Earth Day 2013

Making progress on an increasingly important global problem

By Khambrel Marshall - Meteorologist, 'Newsmakers' Host
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The very first Earth Day was on April 22, 1970. It was the Spring of my senior year in high school. That makes it easy to quantify. It means this is our 43rd Earth Day celebration! It also means that in what will seem like no time flat, I'll be preparing for my 45th high school reunion. THAT is what makes me feel old!

But I digress.

An estimated 20 million people observed that first Earth Day in 1970, so I'm not quite sure how I missed it. Probably had something to do with Senior-itis or my attention was focused on my draft number or the Vietnam war, or "Flower Power" or "Free Love" or something. This year an estimated 200 million people in more than 140 countries will observe Earth Day.

I'm glad the responsible adults in the room kept this Earth Day thing going because it was and continues to be very important. A few months after that first Earth Day, the Environmental Protection Agency was established in response to public demand for cleaner air, water and land.

In this political climate where almost every fact is sent into a bipartisan corner where it is discussed and dissected until rational discourse is almost impossible, here are a few facts.

Carbon dioxide levels around the world rose last year, which could indicate a rise in heat trapping pollutants. Which could also mean more work still needs to be done. Clearly that's true in China where air alerts have become legendary.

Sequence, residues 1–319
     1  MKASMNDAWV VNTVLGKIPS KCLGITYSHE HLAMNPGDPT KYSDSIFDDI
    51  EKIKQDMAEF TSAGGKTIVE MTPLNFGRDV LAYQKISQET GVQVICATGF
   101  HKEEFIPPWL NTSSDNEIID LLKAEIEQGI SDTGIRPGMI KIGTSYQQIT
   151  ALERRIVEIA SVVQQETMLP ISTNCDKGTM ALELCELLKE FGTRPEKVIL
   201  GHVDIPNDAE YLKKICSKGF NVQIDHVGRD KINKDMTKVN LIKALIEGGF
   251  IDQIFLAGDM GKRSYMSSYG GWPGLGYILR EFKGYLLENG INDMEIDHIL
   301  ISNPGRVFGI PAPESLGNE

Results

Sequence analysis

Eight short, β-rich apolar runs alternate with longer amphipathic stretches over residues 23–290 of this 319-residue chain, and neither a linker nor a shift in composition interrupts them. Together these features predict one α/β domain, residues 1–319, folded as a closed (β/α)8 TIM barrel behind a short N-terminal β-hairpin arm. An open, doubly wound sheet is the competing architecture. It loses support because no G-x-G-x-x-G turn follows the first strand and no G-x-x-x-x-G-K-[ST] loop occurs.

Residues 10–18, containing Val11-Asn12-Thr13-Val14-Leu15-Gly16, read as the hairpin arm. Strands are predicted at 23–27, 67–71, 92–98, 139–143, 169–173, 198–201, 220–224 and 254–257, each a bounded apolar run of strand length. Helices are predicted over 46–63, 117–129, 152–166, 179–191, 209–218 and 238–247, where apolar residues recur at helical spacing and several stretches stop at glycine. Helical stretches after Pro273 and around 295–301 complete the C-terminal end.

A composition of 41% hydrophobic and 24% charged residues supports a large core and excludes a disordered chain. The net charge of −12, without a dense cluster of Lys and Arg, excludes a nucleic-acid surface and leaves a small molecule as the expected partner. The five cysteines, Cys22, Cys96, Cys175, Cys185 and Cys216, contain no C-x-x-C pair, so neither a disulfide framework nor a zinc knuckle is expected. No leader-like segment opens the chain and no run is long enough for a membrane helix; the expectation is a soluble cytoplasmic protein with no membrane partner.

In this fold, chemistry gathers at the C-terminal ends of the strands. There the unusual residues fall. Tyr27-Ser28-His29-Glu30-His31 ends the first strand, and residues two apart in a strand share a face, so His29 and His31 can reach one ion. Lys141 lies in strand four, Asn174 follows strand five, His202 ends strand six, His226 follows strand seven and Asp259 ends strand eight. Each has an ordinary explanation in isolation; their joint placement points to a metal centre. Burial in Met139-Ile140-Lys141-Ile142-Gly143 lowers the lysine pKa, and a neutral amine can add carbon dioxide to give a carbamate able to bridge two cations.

We've done a much better job in the United States as evidenced by the pictures above of the 1973 and 2012 Weyerhauser Paper Mills and Reynolds Metal Plant along the Columbia River in Washington state. Pictures by David Falconer and Craig Leaper and the Environmental Protection Agency.

According to the EPA in this country:

--Every American produces more than four pounds of trash daily. That adds up to more than 250 million tons per year!

--Recycling and composting procedures kept 85 million tons of material away from dump sites. That's an improvement of 67 tons since 1980.

We still need the EPA. We still need to discuss ways to improve our quality of life without ANY of that very important conversation sidetracked into bipartisan bickering.

For more information on ways you can celebrate Earth, visit the EPA website.

Happy Earth Day!

Copyright 2013 by The Associated Press contributed to this report. All rights reserved. This material may not be published, broadcast, rewritten or redistributed.